The introduction of the wheeled skidder was changing the face of the logging business in Central Newfoundland. There were ten of these machines involved here, along with two bulldozers and five tandem pallet trucks. 57 men would be employed in cutting and hauling the 27,000 cords of wood the company was projecting to cut in the area.
In an early example of the pattern that would come to dominate logging in the coming years loggers worked in skidder crews. The crews consisted of five loggers, two fellers who cut and de-limbed the trees, a skidder operator who hauled the tree lengths to the landings and two loggers who would buck the trees into four four bolts and load them on pallets. The pallets would be winched on trucks and hauled directly to the Grand Falls mill. (AND News-Log August 1964). New Bay Road was also where Price first experimented with the used of the Hough Pay-Packer. The Pay-Packer was basically a skidder with a grapple on the back, which would load in a similar manner to the Cat 977 described above.
A lot of wood came out of New Bay Road over the years. Price and Abitibi Price would be cutting up in this area for many years. Holloway would operate the camp for a number of years, before retiring from Price and branching out as a private woods contractor, cutting on crown lands. Former woods department official Ford Budgell, and later his son Bruce took over the camp for a few years before it closed in 1978.
As some point in the around the 1970’s there were a few families living a short way down New Bay Road. They were all gone from the area by the late 1980’s. I believe they may have been located roughly across the road from the fire training center.
In the 1990’s more areas on New Bay Road were identified for cutting and contractor Glenn Peyton operated a commuter operation from 1994-2000, the last logging operations being undertaken by the son of the same contractor that opened up the road. By that point New Bay Road had become important for public infrastructure in Central Newfoundland. Both the local garbage incinerator and the water supply and water treatment plant for the area were accessed through New Bay Road. The incinerator site was closed in 2012, when waste disposal was centralized at Norris Arm.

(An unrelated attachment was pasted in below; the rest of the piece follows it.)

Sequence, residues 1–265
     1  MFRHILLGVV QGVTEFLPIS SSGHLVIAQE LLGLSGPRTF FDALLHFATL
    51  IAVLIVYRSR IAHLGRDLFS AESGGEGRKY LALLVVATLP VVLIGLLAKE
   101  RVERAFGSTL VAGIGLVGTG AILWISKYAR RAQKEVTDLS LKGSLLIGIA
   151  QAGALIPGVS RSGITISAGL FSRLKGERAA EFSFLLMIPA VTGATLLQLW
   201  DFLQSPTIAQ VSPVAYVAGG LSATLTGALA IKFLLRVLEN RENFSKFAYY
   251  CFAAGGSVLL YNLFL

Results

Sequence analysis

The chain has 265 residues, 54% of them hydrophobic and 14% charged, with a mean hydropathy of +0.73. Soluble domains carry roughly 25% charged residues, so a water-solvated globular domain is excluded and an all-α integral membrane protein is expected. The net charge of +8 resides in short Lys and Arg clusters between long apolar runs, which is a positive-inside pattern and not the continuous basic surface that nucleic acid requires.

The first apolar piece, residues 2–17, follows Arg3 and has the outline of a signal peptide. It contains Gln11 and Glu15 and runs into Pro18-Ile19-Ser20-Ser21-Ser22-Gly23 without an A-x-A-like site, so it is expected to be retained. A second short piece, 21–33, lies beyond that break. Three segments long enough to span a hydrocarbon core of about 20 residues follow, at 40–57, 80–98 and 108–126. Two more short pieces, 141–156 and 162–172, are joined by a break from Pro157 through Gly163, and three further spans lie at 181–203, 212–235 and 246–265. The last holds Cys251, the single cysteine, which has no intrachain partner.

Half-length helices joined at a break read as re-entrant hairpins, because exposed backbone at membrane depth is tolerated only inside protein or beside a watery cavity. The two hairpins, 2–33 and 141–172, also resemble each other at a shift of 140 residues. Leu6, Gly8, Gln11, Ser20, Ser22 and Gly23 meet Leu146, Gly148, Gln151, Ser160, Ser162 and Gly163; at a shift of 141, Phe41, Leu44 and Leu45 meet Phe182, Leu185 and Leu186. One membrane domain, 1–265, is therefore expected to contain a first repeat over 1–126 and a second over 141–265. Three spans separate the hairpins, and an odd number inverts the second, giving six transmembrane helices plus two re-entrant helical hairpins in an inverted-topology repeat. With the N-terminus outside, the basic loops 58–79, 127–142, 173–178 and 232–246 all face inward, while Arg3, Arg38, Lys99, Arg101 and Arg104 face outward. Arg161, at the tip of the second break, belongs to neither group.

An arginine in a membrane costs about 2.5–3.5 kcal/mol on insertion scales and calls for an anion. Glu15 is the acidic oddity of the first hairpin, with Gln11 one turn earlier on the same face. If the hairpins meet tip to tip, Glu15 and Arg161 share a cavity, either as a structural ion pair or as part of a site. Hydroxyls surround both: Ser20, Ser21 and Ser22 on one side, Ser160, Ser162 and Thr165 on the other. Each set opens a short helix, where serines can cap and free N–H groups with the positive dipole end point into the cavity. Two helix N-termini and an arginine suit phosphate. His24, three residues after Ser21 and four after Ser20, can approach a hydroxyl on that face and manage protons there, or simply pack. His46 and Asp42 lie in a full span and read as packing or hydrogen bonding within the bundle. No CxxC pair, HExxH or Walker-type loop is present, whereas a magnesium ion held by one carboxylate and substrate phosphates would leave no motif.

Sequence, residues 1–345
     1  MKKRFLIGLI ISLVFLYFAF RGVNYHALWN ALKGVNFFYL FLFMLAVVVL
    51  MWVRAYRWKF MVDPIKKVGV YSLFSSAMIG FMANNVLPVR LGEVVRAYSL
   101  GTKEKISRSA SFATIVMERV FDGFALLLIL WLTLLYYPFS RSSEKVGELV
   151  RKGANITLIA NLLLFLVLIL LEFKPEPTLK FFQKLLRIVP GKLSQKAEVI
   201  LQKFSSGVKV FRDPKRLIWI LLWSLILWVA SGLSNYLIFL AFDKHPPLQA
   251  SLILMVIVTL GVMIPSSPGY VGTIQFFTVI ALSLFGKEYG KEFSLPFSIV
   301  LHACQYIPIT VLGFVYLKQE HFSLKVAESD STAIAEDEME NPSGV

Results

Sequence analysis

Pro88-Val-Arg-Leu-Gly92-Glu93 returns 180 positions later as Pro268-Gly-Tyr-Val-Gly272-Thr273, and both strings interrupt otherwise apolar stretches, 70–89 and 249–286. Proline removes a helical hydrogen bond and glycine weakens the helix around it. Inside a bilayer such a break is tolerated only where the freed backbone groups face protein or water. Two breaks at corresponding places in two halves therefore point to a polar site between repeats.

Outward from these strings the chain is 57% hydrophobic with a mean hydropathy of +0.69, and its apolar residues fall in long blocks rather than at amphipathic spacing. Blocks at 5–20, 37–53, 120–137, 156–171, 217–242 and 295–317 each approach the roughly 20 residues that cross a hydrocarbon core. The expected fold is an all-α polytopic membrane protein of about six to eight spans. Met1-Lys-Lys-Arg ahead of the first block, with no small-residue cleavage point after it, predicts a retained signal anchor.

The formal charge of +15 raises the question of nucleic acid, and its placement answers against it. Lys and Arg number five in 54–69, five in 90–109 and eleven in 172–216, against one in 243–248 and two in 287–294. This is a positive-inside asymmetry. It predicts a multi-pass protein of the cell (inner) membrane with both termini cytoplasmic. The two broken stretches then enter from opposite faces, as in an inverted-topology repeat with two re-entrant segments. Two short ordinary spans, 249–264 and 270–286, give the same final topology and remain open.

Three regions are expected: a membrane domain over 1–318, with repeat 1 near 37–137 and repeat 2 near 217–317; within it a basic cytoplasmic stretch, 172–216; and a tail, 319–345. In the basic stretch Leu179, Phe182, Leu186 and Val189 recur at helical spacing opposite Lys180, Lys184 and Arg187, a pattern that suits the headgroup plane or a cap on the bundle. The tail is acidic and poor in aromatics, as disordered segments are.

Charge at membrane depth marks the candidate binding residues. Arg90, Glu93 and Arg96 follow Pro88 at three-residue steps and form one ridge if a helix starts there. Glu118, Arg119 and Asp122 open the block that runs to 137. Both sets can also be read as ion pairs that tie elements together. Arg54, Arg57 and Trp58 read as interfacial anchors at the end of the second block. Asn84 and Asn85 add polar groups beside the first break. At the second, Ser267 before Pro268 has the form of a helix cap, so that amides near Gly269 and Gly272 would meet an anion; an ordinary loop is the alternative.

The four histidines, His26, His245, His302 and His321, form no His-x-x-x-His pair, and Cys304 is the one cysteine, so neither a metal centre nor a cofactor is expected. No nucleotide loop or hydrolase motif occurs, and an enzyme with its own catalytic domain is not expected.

Today the Grand Falls-Windsor Fire Department has a training center on New Bay Road, and there is even a small church a little ways down, the Provincial Tree Nursery is down there, and Wooddale is still a viable farming community. The area around New Bay Lake itself has long since become a popular cabin area, and I do believe that in the near future there will be be some housing development on the areas of the road closer to GFW.
As the years progress the regenerated forests will gradually reach merchantable size again, so who knows what the future may hold. I wonder how big that tree I planted is now? How tall would a 30 year spruce or fir be now?
A Brief Introduction to Wooddale.
In “Upper” Canada, it was a trend that lumbermen would generally open up certain areas for agricultural settlement. Because of the large scale development of Newfoundland’s timber resources as large scale perpetual tree plantations for two paper companies, (and well, the terrible climate) this never really happened. New Bay road opened up the relatively good soil of the Peter’s River, and in 1969 the Newfoundland Government took steps to start the Province’s newest Farming communities.
Wooddale was selected as an ideal site for agriculture, by Mr. Rupert Wood from the Department of Agriculture. Although the site was selected in 1965, it wouldn’t be until 1969 when the first farmer settled in the Peter’s River Valley. Mr. Arthur Gill was the first farmer there, starting a farm in 1969. By 1974 Gill had been joined by a few others. By 1991 there were a number of farms there and a population of 53.
The southern side of Peter’s River became the site of the Provincial Tree nursery. Most people wouldn’t know it, but around 1967 Price Newfoundland, was in the process of setting up their own tree nursery at Rushy Pond. Some planting and experimentation appears to have been done, but then the project appears to fade into history. It seems that the Provincial Government was looking into developing their own facility at that point, and my guess is that there was no point in having duplicated private and public facilities.